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8BitNinja
2017-04-10, 06:34 PM
So everyone either likes or hates the 3x3 grid, but I had this crazy idea that might work for a non D&D D20 game.

The idea comes from a mobile game (of all things) called Sword and Glory. In the game, there are several causes (For Family, For Compassion, For Religion, For Honor, etc.) to fight for. After a while, the things you fight for the most gives you a title (The Pious, The Honorable, The Family Man, etc.). If you die before receiving a title, you receive one based on your glory amount (Someone who fought for Christianity might receive The Christian for mundane glory, while reviewing The Crusader for extraordinary glory)

So what if in a game, every fight, quest, and/or campaign would have a certain caused attached to it. For example, helping out a farmer clear out pests would be For Compassion. Each task could be worth a different value decided by the DM. Then, instead of the rogue following the party being Chaotic Neutral, he campaigns For Wealth. The paladin isn't Lawful Good, he fights For (deity's name)

So what do you guys think?

Honest Tiefling
2017-04-10, 06:41 PM
So...What happens when two different people campaign for the same god, but take it in completely different ways? Or even the same idea. One family man might be honorable to increase his family's glory, another might brutally and efficiently murder anyone who is a threat to their family.

How would you get everyone onto the same page as to the tone and acceptable actions allowed by the campaign?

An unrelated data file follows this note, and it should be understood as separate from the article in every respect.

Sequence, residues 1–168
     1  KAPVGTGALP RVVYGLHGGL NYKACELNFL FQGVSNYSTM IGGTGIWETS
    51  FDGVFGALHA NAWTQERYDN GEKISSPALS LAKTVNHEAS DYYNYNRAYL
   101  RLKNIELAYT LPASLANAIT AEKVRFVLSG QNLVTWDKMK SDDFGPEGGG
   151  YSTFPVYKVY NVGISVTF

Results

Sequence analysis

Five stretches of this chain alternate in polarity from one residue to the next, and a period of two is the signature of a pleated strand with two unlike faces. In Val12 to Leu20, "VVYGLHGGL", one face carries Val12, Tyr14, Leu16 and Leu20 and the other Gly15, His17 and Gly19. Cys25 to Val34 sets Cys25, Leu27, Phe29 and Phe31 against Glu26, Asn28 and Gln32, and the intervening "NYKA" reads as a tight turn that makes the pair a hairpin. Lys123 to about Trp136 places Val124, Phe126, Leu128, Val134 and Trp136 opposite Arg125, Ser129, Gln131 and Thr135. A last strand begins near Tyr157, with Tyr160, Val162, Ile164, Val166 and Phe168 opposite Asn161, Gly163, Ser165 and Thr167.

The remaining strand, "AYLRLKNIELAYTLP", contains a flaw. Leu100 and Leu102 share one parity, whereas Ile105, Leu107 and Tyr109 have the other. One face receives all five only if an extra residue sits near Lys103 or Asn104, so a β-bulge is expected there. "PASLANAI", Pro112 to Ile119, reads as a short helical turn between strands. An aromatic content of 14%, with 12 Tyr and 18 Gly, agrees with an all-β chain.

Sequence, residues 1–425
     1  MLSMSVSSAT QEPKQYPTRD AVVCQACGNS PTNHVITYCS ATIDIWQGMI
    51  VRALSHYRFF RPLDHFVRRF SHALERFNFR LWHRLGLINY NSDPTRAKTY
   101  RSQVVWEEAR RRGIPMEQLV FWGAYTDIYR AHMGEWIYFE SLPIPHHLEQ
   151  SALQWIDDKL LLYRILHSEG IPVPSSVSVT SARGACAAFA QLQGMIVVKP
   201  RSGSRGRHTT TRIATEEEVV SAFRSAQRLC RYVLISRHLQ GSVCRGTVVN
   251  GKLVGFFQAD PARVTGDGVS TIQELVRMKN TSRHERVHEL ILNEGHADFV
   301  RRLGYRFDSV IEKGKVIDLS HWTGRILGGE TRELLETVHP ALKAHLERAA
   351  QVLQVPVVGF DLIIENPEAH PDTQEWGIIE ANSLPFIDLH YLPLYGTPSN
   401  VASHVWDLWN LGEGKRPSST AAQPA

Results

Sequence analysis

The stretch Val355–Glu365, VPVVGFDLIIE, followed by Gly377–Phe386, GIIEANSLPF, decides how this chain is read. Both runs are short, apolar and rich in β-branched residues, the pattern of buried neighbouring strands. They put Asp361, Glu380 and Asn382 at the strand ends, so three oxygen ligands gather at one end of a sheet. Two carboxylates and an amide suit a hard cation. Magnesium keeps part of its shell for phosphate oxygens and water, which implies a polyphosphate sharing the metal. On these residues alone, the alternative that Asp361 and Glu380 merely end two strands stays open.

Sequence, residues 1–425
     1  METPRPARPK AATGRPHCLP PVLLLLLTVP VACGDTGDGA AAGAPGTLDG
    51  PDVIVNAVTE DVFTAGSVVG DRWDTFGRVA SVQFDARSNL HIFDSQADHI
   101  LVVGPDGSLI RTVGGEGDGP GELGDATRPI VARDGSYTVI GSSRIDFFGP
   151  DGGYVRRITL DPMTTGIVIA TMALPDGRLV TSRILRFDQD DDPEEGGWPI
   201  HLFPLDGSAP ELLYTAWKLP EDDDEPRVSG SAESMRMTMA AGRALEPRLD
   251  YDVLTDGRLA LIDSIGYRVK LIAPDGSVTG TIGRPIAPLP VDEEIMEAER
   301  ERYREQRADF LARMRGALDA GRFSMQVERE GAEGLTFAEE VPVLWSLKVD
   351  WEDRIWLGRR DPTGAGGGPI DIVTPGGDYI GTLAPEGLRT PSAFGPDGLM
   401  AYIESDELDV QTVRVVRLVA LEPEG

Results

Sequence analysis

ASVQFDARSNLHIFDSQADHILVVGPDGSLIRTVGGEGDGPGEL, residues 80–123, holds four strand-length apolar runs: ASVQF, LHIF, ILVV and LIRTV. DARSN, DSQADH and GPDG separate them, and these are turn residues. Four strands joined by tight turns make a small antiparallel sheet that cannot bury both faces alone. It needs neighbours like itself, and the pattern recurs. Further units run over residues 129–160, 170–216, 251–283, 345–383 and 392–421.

Skelechicken
2017-04-10, 07:23 PM
So...What happens when two different people campaign for the same god, but take it in completely different ways? Or even the same idea. One family man might be honorable to increase his family's glory, another might brutally and efficiently murder anyone who is a threat to their family.

How would you get everyone onto the same page as to the tone and acceptable actions allowed by the campaign?

I don't know if this is a problem. That's already an issue brought up in discussions under the current alignment system. It's rare that you get parties that are all the same alignment if you don't pre-roll for everyone or ask them to all build he same alignment. Even if they are the same alignment people tend to play it differently. Lawful good characters will execute a prisoner for their crimes just as often as they'll drop them off at the local authorities.

I like this idea. I think it's a lot more reasonable for someone to base their quest on a cause rather than some nebulous idea of good. It also encourages more balance in terms of party interest in a sandbox campaign. If you have a thief campaigning for gold they may be able to more easily strike a deal with the party about how to spend their time. "Ok I will help you save one more town of starving peasants, but then you're helping me loot the mega dungeon."

S@tanicoaldo
2017-04-10, 07:46 PM
I don't get it. How does making 1000+ alignments going to be easier than the 9 we already have?

Arenít you mixing up alignments with causes and incentives?

Vitruviansquid
2017-04-10, 08:48 PM
Why?

And I'm not saying "why" as an obnoxious way of saying "no."

A major reason the alignment system doesn't work in the first place is because it is fairly meaningless in a large number of contexts. So you were a good fighter, and you did a bunch of crummy things, and now you're an evil fighter. Big whoop. Unless your DM creates rules to penalize alignment switching or you are one of the few cases in the editions that actually care, such as being a 3.5 paladin, alignment doesn't really matter if your table isn't consciously making sure it matters.

So if you repackaged the alignment system to work with titles. Well what do the titles do? How do we make the titles meaningful to players?

veti
2017-04-10, 09:29 PM
I like the basic idea. But I second the "Why?"

What mechanical effects would these alignments have? I find it hard to imagine casting "Protection from People who Fight for Glory".

SirBellias
2017-04-10, 09:58 PM
Pendragon has some of the examples given as stats for the characters. It's probably not the same thing that you're going for, but that may be something to look at to see what it is like to implement such things in a meaningful way.